The primary Right of Patients and Research Participants that was violated in the Tuskegee Syphilis Study is the right to be informed about the purpose of the study. The patients were not adequately informed about the purpose of the research, and it was not made clear that syphilis was the predominant object of the study. As participants were utilized for the research for their illiteracy and low social status, the study violated their right to be treated with respect and dignity.
According to Vijayan et al. (2020), penicillin treatment was withheld from the black participants due to health inequity and racism issues that took place at the time of the study. The participants’ right to choose to participate or refuse to participate without prejudice was also affected by offerings of free meals and burial insurance, and their informed consent was not collected.
One of the major ethical standards that could have been taken to prevent the violations is the non-discrimination policy. Although inequities in modern society include issues with housing, education, and economic stability, the healthcare system should prioritize overcoming discrimination as a vital part of ensuring the population’s health status. According to Vijayan et al. (2020), the current situation with health inequities reflects the discrimination against African Americans and Hispanics. For example, the authors draw statistics that 42% of new HIV infections yearly are represented by African American men, but a minimal number receive treatment (Vijayan et al., 2020).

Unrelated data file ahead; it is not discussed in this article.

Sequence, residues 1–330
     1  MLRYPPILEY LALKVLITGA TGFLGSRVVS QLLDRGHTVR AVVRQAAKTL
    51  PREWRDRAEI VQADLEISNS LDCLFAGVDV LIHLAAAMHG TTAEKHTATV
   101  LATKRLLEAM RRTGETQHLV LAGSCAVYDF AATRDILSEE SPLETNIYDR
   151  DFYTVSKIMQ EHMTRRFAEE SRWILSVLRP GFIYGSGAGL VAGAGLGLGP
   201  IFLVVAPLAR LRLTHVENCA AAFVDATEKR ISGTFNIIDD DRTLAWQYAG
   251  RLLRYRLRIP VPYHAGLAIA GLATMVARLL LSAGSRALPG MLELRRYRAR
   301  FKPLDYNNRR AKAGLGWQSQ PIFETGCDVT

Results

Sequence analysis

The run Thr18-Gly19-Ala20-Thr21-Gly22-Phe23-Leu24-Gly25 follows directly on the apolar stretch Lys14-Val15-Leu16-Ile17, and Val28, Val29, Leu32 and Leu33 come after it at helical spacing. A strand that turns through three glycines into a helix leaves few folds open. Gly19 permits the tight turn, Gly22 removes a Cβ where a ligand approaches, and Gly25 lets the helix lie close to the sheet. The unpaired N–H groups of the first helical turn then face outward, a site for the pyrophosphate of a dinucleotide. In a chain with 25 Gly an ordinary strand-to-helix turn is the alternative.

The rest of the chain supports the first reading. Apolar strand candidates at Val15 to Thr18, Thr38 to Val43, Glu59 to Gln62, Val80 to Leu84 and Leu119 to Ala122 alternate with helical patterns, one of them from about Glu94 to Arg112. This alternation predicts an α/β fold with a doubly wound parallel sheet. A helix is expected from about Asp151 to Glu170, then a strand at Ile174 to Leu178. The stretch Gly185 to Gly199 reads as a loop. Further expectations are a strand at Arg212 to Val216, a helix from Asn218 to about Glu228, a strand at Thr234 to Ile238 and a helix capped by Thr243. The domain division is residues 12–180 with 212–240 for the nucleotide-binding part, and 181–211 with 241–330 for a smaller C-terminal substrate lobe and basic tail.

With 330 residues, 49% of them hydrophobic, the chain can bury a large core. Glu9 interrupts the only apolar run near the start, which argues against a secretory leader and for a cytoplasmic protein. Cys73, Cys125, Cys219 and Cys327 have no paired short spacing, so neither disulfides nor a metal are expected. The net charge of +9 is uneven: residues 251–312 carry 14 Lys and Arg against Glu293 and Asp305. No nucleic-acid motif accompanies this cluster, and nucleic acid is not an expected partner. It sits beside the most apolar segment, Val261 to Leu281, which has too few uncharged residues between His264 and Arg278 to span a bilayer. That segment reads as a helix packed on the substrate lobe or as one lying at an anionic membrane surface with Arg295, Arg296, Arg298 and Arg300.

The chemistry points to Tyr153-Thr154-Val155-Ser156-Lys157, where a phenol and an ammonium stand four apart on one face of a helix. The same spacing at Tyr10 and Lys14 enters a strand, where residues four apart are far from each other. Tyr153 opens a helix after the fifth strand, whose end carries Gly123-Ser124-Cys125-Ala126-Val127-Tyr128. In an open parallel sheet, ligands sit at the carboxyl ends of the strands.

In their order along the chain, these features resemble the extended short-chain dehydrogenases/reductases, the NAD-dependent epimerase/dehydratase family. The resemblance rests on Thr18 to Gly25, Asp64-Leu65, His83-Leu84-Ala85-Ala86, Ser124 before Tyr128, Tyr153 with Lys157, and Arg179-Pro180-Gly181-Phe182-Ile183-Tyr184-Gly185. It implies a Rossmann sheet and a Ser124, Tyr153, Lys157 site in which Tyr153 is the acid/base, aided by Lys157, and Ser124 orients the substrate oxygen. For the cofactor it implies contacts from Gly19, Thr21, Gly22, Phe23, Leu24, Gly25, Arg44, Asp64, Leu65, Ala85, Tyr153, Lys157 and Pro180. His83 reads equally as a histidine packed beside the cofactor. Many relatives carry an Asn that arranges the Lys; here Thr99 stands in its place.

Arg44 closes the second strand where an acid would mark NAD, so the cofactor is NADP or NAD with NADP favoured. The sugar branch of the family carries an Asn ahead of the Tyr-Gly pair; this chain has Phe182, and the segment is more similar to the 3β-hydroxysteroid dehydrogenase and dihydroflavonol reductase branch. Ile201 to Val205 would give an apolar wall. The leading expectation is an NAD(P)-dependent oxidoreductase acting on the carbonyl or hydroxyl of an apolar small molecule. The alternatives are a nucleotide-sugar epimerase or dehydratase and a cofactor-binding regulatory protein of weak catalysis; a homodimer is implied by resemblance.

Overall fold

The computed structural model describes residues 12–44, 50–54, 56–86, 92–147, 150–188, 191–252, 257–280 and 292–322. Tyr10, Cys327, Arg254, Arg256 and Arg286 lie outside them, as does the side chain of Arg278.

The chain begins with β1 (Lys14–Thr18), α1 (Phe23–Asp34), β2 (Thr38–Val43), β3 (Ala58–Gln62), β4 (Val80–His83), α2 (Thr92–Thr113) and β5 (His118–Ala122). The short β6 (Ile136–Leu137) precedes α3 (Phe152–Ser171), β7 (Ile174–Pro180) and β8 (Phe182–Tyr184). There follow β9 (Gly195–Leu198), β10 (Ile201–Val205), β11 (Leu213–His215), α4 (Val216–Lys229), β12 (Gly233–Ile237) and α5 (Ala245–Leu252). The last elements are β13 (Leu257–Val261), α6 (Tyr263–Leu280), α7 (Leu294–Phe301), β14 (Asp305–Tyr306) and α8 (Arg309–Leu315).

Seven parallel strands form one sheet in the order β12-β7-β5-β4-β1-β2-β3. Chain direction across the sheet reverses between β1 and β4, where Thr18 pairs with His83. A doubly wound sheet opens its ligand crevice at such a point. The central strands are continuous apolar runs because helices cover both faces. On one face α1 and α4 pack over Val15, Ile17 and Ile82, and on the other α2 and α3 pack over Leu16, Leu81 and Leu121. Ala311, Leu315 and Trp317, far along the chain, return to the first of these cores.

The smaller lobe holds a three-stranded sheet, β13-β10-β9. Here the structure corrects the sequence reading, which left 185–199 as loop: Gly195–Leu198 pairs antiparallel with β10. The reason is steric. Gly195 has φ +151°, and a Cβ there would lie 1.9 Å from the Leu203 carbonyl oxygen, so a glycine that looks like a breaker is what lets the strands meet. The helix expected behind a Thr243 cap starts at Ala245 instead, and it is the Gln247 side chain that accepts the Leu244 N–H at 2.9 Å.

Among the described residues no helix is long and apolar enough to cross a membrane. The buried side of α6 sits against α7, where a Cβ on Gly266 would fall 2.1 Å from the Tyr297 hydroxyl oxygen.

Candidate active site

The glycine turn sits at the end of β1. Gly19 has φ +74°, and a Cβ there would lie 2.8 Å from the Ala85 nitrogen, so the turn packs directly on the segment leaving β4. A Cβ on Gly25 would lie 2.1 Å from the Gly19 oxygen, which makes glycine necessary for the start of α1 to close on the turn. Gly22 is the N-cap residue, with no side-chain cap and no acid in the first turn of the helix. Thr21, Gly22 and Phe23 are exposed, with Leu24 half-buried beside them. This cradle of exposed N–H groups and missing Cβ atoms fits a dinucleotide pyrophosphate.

In addition, the recent coronavirus pandemic disproportionally affected African Americans and Hispanics (Vijayan et al., 2020). In both of these groups, mortality rates are almost two times bigger than among other ethnic groups. Thus, the most significant improvement that could be performed to prevent further patient rights violations is implementing a non-discrimination policy in the healthcare system.
Vijayan, T., Cortés-Penfield, N., & Harris, C. (2020). Tuskegee as a history lesson, Tuskegee as metaphor: Addressing discrimination as a social determinant of health in the classroom. Open Forum Infectious Diseases, 7(10), 1-6. Web.